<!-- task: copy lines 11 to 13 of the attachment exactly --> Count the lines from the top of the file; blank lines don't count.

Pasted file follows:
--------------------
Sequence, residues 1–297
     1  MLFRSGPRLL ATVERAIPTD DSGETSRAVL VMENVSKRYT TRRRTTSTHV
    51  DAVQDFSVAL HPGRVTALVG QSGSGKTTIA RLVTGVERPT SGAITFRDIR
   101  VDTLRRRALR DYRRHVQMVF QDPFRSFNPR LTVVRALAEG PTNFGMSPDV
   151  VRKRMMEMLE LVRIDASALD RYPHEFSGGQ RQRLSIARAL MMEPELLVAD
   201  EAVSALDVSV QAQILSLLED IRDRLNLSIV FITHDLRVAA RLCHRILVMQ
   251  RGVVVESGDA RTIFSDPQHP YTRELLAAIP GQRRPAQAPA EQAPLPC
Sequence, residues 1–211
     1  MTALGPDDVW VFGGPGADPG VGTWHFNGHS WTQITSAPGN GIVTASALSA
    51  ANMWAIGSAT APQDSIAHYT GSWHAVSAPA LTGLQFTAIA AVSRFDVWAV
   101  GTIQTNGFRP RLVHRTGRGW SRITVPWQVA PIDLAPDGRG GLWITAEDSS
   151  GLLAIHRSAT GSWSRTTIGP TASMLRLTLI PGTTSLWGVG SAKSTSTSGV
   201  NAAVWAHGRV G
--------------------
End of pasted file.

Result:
   101  GTIQTNGFRP RLVHRTGRGW SRITVPWQVA PIDLAPDGRG GLWITAEDSS
   151  GLLAIHRSAT GSWSRTTIGP TASMLRLTLI PGTTSLWGVG SAKSTSTSGV
   201  NAAVWAHGRV G